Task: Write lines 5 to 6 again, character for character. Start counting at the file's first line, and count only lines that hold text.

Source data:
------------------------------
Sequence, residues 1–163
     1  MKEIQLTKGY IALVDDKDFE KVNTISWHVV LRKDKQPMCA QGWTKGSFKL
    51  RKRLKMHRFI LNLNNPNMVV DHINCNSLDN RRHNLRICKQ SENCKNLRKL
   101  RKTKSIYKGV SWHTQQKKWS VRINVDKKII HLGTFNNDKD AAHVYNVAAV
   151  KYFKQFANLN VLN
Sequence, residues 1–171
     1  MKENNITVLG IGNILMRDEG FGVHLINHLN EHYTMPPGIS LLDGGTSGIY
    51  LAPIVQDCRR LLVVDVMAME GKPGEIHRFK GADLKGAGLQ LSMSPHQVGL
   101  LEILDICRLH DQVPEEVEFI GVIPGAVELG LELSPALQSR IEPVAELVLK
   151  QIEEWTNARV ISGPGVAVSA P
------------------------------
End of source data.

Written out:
   151  KYFKQFANLN VLN
Sequence, residues 1–171